Breast implants: Adviser calls for 'staged removal'
A surgeon advising the government has called for the removal of all faulty breast implants, following a health scare in France.
Tim Goodacre, a member of a panel looking at products made by French firm PIP, said the reported risk of rupture was "quite out of the ordinary".
The government said the failure rate was 1%, but private clinic Transform believes it could be up to 7%.
"This is very much higher than anything we'd consider acceptable," he said.
Health Secretary Andrew Lansley ordered an inquiry - to which the panel will report - after private clinic Transform suggested the failure rate could be higher than previously thought.
He said that based on all available evidence, the government did not believe there was any cause for concern, but the Transform data needed assessment and evaluation.
Speaking on the BBC's The World at One, Mr Goodacre, who is president of the British Association of Plastic, Reconstructive and Aesthetic Surgeons (BAPRAS) said he did not think there was any risk of cancer as a result of the faulty implants, but he was still advising what he called removal on a "staged basis".
"If you believe a device is faulty in your car or any other object you buy you would want to have that replaced on a staged basis," he said.
"Good implants put in by reputable people have an extraordinarily low failure rate, so this is something quite out of the ordinary.
"These implants have been in for a while and there is no immediate cause for concern, there's no cancer risk, and even if implant gels have ruptured, there's no evidence to suggest that that in itself is of any major health detriment.
"But given the fact there is a degree of uncertainty and a lack of knowledge, we're recommending all implants come out."
Shadow health secretary Andy Burnham said that given the conflicting nature of the advice that was coming out, the government needed to issue clear guidelines to calm the fears of those affected by the issue.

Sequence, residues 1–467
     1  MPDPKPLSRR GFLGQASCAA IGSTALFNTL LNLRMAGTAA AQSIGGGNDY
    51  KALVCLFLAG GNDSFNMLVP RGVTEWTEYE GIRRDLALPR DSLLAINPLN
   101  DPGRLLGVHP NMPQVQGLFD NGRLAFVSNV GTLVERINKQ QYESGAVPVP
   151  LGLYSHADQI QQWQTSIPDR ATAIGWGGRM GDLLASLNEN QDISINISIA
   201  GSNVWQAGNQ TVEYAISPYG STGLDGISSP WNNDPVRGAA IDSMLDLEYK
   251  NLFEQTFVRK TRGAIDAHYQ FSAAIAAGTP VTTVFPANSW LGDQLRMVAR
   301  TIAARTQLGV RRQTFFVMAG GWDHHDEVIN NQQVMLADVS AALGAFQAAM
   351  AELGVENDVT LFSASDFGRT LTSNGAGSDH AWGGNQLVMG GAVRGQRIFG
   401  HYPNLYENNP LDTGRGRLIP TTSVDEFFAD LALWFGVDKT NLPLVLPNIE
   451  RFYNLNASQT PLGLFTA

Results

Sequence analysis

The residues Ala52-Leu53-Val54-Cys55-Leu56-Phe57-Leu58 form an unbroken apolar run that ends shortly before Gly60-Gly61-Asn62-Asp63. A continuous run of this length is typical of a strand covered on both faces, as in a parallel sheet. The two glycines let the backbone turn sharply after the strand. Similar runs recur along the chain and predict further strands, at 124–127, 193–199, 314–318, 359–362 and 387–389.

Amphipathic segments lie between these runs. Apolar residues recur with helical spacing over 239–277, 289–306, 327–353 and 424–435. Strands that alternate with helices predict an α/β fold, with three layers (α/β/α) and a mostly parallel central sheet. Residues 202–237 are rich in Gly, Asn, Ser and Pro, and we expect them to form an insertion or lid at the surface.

"Where there is evidence of a rupture, private providers must arrange for urgent removal at no expense to the individual and with any costs to the NHS reimbursed," he said.
He also said all those affected must have access to their medical records as soon as possible, and they must be offered a free consultation with a doctor after the results of the government review were known.
Last week the French government recommended the precautionary removal of implants from 30,000 women, with the government covering the costs.
PIP went into administration in 2010 and its products are now banned, after it was discovered they had used non-medical-grade silicone believed to be made for mattresses, which had an increased likelihood of splitting.
Chief Medical Officer Professor Dame Sally Davies said she had written to GPs so they were aware of the views of patients who may want to discuss the matter with them.
"We currently have no evidence to make us think they should have the PIP breast implants removed," she continued.
"Because of this, and because removing these implants carries risk in itself, we are not advising routine removal of these implants."
Chairman of the Commons health select committee Stephen Dorrell said the cost of any possible implant removal should be recovered from those who had provided "sub-standard products" in the first place.
"The first responsibility here would rest on those who were engaged in care that hasn't met proper standards, so the first responsibility rests on them," he said.
"Having said that, clearly if there is a health issue involved then ultimately the NHS exists to provide health assurance for all patients in the UK."
PIP is believed to have sold over 300,000 implants in 65 countries over the last 12 years, with South America accounting for more than half the exports.
Western Europe was another major market, with Spain, Italy, Germany and Ukraine known to have imported the products, as well as the United Kingdom.